Hindu rituals are done here with a regular devotion like other parts of Kerala. Pottippara village connects to other parts of India through Kottakkal town. National highway No.66 passes through Tanur and the northern stretch connects to Goa and Mumbai. The southern stretch connects to Trivandrum. State Highway No.28 starts from Nilambur and connects to Ooty and Bangalore through Highways.12,29 and 181. National Highway No. 966 connects to Coimbatore. The nearest airport is at Kozhikode; the nearest major railway station is at Tirur
Wheeler Antabanez is the alter-ego and pen name for Montclair, New Jersey-based writer Matt Kent. Antabanez is best known as the author of best selling special issue of Weird NJ, Nightshade on the Passaic and gasstationthoughts and The Daily Journal of Wheeler Antabanez, published by Barricade Books. Growing up in West Caldwell, New Jersey, Kent discovered the abandoned Essex Mountain Sanatorium near his parents’ house at a young age, he became obsessed with the decaying and damaged buildings and created a website in honor of the sanatorium. The site, ‘welcometohell.net’ became the online home of Kent's developing alter ego, Wheeler Antabanez. On April 19, 2000 Kent was arrested in the lead up to the first anniversary of the Columbine High School massacre for his alter ego's writings about the school shooting on welcometohell; the charges were dropped and Kent took welcometohell offline, transforming Antabanez's daily journal into a book. “gasstationthoughts and the daily journal of wheeler antabanez” was published by Barricade Books, the controversial publisher of The Anarchist Cookbook and The Turner Diaries.
For two years, Antabanez traveled up and down the Passaic River with his daughter, Star, as first mate, exploring abandoned buildings on its shores as well as the river itself. The Passaic is one of the most polluted waterways in the US and is home to the world's largest collection of the deadly chemicals, dioxins. Seeking out the worst possible places, Antabanez chronicles his exploration of abandoned buildings in Paterson, New Jersey, such as the old Colt Mill, which made 5,000 firearms between 1836 and 1841. In addition to the river and the decaying structures that surround it, he researched murders that involved the Passaic River, including the horrific case of Jonathan Zarate who attempted to dump the mutilated body of his 16-year-old neighbor in the river, but was thwarted by a police officer who happened to pass by at the time; the 78-page magazine follows Antabanez as he explores homeless haunts along the river's shore as well as the infamous “Buttonwoods” neighborhood in Lincoln Park, New Jersey.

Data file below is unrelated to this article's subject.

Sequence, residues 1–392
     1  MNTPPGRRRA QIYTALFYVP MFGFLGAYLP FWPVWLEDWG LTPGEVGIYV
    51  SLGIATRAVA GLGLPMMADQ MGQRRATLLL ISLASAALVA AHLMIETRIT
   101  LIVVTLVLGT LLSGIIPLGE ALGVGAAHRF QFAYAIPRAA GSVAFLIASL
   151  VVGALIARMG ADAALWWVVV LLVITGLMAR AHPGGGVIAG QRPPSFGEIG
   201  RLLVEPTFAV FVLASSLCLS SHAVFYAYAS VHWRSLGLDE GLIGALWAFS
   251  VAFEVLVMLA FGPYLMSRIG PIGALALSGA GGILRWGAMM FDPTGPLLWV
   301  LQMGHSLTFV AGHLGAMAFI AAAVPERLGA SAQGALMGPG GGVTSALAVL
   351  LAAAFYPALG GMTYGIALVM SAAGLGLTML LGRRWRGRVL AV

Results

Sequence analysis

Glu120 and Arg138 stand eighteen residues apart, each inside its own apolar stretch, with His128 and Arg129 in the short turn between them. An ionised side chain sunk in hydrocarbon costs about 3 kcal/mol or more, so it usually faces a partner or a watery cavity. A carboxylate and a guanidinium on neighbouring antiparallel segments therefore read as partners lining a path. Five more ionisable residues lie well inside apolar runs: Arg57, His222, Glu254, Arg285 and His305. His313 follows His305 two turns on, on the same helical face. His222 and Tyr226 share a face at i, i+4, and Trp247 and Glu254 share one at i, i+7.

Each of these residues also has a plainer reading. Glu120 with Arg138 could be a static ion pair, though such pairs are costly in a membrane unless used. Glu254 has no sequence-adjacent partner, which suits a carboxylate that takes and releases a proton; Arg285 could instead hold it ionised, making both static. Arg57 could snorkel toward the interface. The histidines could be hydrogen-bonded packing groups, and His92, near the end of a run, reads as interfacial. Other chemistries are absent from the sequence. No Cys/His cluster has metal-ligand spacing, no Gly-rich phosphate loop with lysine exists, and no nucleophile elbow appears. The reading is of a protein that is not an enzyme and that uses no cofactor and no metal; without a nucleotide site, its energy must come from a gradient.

Nightshade on the Passaic was released as a special issue of Weird NJ magazine in July 2008. The Passaic River continues to be full of unusual stories, including the discovery of a child's body, taken from a grave in Connecticut as part of a suspected Palo Mayombe ritual. With no one more familiar with its macabre history, Wheeler serves as an expert to curious reporters interested in the river. In September 2010, Wheeler co-hosted a live broadcast from the last working boat yard on the Passaic for Billy Jam's Put the Needle on the Record show on WFMU. Guests included WMFU's X-Ray Burns and Mark and Mark from Weird NJ. Wheeler's adventures on the Passaic River caught the eye of NPR in late 2010. National Public Radio sent a two-person crew to NJ to travel the Passaic River and its shoreline with Wheeler as their guide; the resulting stories and interviews turned into a feature on All Things Considered with a radio segment, written article and video. The Passaic River overran its banks in the spring of 2010 and again in 2011.
For both floods, Wheeler was on-site to capture the destruction. In March 2010 Wheeler talked with those affected. A year the neighborhoods surrounding the river flooded again. Wheeler traveled the streets by canoe and followed the flood for seven days to create a short documentary, Following the Flood. Wheeler states in the video that he is filming a movie, Wheeler on the Passaic. In addition to his published works, Wheeler has Matt & Jess Forever; the story follows a young couple through drugs, murder and an intense love and is available online in its entirety. In March 2009, Wheeler returned to his roots writing online and began a photo-based novella, Lucky Cigarette. With a new photo and entry each day, the website is a combination of Wheeler's skills as a photographer/videographer as well as novelist. Wheeler is seeking a publishing deal for Matt & Jess Forever, Lucky Cigarette and a collection of short stories. In early 2010, Wheeler added them to Lucky Cigarette. In his childhood writings, it is clear to see the start of Wheeler's style and his flair for storytelling.